“I feel honored to be put in the same sentence as legends like Bob and George,” Billy continued. “The day these two gentlemen no longer produce team ropings will be a sad day for the industry and the cowboys. There’s nothing to be gained by what they do but personal satisfaction.”
Billy’s in the same boat. And he sees similar drive in Perry Di Loreto, who hosts the rich Reno Rodeo Invitational the day after the BFI and during the Reno Rodeo every year.
“My hat’s off to Perry for creating the biggest, best amateur team roping in the country,” Billy stated. “What Perry has also done is create the greatest fund-raiser in the western industry. He gives all the money back to the ropers and charities in his community. No one else in this industry does that.
“These guys are for real. They all hit home runs on other fields of business, so they can do this in our industry. These ropings all give a lot more than they take.”
Billy then recalled a somewhat frustrating cowboy comment that dates back to last June’s RRI.
“A high-profile, Top-15 type team roper comes up to me right after Perry’s roping-the day after the BFI-and says, ‘Man, I wish someone would do something like this for us,’ ” he remembers like it was yesterday. “My first response was, ‘How naïve can you be? Don’t you understand that you just roped in a roping yesterday that paid out more than it took in? In fact, it way outdid what it took in.’
“I honestly took it as a personal insult that somebody with his credentials would make that statement knowing what I’ve done to pay back more money-$50,000 cash more-the last three years over what the roping took in. That’s $50,000 in added money above the ropers’ entry fees. At that point, I just wondered, do these guys get it? Do they not understand what’s going on here, where people pay out more than they take in and work all year long to produce these major events?
“At Perry’s roping, they get 200 teams to put up $5,000 a team, and they have a waiting list to get in. All anybody who enters that roping asks for is the opportunity to compete and know they have a chance. The field is screened by Perry and the USTRC, so everyone does have a chance. Amateurs will put up that money hoping they’ll hit a lick, have a good day and win.”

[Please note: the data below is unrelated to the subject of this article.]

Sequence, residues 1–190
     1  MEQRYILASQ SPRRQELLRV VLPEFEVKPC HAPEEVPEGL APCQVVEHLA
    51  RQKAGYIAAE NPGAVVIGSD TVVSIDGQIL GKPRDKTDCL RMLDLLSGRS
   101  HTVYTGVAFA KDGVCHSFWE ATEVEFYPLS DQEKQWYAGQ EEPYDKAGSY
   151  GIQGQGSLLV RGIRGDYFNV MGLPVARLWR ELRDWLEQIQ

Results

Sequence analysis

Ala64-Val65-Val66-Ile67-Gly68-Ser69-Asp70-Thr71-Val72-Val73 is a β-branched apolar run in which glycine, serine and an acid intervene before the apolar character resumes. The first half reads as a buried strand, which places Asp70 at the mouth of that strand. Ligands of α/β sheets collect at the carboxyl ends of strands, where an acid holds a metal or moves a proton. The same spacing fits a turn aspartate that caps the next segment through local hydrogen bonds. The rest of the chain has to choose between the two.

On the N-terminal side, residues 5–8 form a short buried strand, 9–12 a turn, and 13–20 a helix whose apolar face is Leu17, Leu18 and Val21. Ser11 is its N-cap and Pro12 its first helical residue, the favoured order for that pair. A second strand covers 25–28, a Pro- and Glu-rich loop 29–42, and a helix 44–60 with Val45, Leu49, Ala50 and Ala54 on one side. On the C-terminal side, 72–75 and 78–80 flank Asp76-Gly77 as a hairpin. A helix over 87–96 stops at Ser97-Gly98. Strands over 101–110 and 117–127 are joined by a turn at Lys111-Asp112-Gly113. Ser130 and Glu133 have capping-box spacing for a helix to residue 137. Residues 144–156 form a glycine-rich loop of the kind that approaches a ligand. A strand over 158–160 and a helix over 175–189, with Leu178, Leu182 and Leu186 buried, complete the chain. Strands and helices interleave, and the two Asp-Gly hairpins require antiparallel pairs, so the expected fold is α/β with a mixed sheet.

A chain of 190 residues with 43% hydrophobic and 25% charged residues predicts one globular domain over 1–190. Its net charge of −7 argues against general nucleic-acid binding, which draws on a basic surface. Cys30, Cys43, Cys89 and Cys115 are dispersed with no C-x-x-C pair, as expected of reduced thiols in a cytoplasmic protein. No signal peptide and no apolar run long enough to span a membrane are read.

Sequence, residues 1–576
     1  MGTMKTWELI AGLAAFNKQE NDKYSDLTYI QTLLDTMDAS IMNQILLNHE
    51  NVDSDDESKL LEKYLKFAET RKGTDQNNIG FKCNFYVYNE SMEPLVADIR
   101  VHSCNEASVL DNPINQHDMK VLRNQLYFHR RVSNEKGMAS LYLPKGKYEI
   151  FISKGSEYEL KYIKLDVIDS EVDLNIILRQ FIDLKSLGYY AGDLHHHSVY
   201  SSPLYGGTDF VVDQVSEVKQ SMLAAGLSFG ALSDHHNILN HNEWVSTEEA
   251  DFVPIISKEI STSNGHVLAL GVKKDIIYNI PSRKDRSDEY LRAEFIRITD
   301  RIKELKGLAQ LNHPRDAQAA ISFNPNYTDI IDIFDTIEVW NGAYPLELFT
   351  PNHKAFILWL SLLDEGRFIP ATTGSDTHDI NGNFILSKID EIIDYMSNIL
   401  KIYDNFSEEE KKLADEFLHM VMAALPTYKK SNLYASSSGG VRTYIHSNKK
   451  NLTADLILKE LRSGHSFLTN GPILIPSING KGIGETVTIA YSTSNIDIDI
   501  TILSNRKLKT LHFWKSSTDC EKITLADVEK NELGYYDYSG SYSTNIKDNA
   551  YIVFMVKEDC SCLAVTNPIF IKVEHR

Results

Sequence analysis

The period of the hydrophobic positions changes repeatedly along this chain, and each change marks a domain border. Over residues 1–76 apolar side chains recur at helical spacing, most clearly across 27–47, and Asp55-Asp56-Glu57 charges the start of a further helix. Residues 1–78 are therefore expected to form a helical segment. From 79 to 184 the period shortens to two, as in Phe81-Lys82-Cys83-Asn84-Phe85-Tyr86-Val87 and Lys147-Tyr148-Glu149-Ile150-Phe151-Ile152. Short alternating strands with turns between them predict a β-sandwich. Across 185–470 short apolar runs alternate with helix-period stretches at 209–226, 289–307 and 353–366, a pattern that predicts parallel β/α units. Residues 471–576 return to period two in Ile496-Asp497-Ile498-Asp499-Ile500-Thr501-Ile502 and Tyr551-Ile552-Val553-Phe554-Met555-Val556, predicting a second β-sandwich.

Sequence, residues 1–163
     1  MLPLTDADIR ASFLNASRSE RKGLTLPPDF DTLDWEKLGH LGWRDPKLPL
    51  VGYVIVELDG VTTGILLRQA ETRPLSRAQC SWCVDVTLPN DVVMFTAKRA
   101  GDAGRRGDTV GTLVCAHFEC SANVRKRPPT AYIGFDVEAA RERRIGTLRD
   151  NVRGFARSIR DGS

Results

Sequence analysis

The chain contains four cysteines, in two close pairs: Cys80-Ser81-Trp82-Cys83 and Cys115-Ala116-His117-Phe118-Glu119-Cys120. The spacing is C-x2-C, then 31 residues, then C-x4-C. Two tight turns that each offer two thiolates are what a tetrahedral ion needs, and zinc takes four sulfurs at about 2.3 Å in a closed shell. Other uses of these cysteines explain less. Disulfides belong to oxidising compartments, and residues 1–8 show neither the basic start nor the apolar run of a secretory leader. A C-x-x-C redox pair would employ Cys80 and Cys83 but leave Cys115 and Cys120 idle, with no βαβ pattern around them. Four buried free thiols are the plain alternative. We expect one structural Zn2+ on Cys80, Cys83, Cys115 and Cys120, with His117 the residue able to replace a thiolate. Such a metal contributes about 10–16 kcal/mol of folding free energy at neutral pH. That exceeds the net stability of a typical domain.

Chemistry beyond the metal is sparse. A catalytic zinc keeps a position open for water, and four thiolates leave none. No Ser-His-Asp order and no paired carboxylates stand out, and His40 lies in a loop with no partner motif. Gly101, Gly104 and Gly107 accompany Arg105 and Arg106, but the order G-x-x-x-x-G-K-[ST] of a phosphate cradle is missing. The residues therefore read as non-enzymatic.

I don’t think anyone stops to realize the expenses tied up in the year-long efforts of entire staffs of people, which is what it takes to put on such prestigious productions as the BFI, George Strait and Wildfire Open. They don’t just throw themselves together in a day and come off without a hitch. Not to mention the payoff and the over-the-top prize packages.
“George has $100,000 up in trucks, trailers and prize lines that are way above the entry fees,” Billy noted. “They have nothing to do with the entry-fee money.”
I’ve heard it, too. There are actually those who question whether those trucks and trailers are enough. “George gets them donated,” they say. To that, I say, “If it’s that easy, get out your guitar, get to strummin’ and hummin’, and get one of these deals on yourself.” Impossible, you say? No kidding. What was your first clue?
Billy also scratches his head over why there aren’t more entries in the open ropings.
“As people get to be better team ropers and improve in their roping, they look for the advantage through the numbering system,” he’s noticed. “In my opinion, there are hundreds of team ropers who can compete on any given day in an open roping that will never go rope and put their money up because they don’t feel like they have an advantage. So they don’t go. Team ropers as a whole have gotten so much better. But once they get to a certain level they won’t go out and compete.
“When ropers are starting out, all they ask for is the opportunity to compete. Then they get to the top, and won’t put up their money to rope against the top guys. If they would, there would be ropings like the Reno Rodeo Invitational for the open ropers, where they could get 200 teams to put up $5,000. The top guys say they can’t afford it. But $5,000 is just as hard for an amateur guy to come up with as a top guy. Five thousand dollars is a lot of money to anybody. Your roping ability has nothing to do with it. This isn’t a knock on the top guys. It’s about the guys who don’t come out and rope.”